The Istanbul New Airport will have the capacity up to 200 million passengers a year
Turkey has just made a giant step towards becoming one of the world’s most important hubs. After three years of construction and spending $7.2 billion, the country is opening the largest airport on the planet.
As Turkey is celebrating the 95th anniversary of becoming a republic, the country’s president Recep Tayyip Erdogan opens the Istanbul New Airport himself during a ceremony today.
However, despite its celebratory launch, the airport is still not fully operational. Only a few flights per day will be departing from the New Airport until the operation moves from Istanbul’s current main airport named after Turkey’s founder Mustafa Kemal Ataturk. The Ataturk airport which now handles over 63 million passengers a year will be shut down by the end of the year.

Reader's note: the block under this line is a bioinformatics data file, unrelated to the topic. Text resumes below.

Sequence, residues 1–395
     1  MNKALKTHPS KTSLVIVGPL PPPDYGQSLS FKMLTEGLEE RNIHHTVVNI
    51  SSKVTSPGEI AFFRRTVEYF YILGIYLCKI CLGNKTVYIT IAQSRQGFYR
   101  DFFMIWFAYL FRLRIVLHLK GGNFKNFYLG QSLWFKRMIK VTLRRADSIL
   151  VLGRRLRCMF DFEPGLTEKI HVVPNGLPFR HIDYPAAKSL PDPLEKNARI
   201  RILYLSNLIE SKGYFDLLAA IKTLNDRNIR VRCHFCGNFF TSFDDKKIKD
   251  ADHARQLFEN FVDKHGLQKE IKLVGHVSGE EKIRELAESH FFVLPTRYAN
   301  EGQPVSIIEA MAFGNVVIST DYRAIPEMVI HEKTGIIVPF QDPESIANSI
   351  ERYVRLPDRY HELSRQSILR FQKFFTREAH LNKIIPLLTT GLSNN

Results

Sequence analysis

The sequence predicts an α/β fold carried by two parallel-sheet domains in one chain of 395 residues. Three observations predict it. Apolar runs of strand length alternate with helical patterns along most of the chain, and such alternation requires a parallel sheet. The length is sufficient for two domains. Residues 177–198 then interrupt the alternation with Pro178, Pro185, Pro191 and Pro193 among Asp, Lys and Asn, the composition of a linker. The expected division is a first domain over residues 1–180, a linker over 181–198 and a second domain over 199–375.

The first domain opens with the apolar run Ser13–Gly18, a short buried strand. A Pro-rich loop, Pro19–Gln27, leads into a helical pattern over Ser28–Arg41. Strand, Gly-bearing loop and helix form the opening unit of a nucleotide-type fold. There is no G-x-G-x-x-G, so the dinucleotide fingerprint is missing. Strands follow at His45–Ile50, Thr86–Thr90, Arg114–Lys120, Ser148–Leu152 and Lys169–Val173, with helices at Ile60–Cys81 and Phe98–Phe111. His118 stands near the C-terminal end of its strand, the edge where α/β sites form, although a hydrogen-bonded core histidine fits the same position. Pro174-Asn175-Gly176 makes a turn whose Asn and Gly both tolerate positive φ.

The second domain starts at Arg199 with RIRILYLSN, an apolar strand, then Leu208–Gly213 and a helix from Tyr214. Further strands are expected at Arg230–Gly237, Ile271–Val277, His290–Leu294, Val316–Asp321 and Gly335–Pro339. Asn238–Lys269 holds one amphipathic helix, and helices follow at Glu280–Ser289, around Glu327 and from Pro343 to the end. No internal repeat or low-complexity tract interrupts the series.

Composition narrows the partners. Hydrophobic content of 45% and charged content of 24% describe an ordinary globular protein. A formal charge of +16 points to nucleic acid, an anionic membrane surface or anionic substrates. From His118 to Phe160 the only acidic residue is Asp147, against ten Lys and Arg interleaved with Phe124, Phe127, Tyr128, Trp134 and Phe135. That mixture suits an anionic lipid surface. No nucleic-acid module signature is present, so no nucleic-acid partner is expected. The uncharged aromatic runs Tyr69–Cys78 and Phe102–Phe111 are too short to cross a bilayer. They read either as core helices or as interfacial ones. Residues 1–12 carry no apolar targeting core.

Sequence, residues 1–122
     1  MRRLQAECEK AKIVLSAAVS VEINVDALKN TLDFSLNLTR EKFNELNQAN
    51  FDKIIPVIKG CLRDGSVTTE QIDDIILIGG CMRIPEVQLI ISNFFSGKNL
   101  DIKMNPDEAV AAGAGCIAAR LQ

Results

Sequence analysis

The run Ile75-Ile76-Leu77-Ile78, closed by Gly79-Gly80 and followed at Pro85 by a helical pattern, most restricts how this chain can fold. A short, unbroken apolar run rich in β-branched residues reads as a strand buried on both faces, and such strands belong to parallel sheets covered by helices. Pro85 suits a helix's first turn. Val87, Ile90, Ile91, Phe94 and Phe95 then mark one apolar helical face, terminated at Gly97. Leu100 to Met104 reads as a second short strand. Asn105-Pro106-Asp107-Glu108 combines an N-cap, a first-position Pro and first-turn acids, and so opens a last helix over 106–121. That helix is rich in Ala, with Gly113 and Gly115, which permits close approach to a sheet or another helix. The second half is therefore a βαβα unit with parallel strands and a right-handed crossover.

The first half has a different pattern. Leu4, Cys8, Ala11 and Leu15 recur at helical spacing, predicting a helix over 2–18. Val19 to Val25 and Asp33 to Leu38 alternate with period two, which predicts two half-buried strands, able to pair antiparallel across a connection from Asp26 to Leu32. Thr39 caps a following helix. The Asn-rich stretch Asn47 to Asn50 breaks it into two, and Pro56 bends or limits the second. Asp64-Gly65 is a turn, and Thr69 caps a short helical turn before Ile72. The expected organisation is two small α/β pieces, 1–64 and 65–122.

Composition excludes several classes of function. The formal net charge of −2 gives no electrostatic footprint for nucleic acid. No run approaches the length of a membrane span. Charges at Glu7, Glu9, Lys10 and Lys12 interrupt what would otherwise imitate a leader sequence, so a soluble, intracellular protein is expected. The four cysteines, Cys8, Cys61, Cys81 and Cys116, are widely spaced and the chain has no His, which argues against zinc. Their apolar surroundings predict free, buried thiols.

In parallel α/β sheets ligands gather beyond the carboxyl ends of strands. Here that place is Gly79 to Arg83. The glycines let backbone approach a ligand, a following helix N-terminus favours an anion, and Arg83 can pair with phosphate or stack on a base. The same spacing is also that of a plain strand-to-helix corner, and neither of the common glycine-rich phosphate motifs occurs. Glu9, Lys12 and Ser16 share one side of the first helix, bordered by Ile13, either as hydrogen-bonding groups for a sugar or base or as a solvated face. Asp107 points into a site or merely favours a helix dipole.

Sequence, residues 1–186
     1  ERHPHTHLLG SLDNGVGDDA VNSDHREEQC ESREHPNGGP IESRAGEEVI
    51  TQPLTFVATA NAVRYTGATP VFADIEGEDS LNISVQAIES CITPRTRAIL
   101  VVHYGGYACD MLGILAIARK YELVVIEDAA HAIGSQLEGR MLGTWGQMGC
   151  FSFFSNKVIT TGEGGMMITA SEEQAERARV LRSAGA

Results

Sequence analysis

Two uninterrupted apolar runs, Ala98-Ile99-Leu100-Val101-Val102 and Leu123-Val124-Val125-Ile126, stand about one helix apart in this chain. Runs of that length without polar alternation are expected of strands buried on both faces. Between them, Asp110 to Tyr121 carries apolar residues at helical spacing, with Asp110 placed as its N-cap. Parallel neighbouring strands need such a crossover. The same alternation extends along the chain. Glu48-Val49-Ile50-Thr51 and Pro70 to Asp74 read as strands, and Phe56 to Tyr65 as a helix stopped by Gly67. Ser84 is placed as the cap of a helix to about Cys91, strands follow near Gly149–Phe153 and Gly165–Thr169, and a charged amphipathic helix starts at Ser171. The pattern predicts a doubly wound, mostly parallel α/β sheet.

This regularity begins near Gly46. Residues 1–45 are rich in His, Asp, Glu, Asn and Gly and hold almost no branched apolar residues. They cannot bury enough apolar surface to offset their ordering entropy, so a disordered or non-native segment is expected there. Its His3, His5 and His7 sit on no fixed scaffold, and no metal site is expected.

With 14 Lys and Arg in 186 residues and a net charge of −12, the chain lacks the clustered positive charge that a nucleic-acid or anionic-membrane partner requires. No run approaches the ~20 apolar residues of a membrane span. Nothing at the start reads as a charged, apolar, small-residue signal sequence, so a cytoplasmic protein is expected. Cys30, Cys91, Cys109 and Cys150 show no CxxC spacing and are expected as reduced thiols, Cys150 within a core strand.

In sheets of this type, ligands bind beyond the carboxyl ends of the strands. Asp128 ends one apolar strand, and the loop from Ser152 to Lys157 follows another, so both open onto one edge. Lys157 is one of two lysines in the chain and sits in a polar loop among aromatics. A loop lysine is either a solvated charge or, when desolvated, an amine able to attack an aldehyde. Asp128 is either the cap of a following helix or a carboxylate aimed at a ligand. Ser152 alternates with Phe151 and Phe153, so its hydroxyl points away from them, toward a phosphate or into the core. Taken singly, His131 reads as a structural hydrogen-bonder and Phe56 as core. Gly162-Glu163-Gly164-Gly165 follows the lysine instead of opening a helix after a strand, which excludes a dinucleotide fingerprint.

In its first phase, Istanbul New Airport will use two runways and serve around 90 million people annually. But in ten years, six runways should be in use enabling the airport to handle 200 million passengers a year. The figure is almost twice as high as at Atlanta’s Hartsfield-Jackson, currently the busiest airport in the world.
The project has caught attention for its unique Turkish and Islamic design and a tulip shaped air traffic control tower won which gained the airport the 2016 International Architecture Award.
The construction of the airport has been marked by a controversy. As Erdogan insisted on opening the airport precisely on this day, the works had to be hurried which allegedly led to the death of many out of the 35,000 employees.
The head of a construction workers’ union, Nihat Demir, claimed that a rush to meet the president’s deadline had been a major cause of accidents and deaths among workers.
He said that the pressure to finish had led to “carelessness, accidents and deaths”.
Reports of hundreds of dead workers were denied by Turkey’s Ministry of Labour. Yet in February, the ministry said that 27 workers had died at the site due to “health problems and traffic accidents”.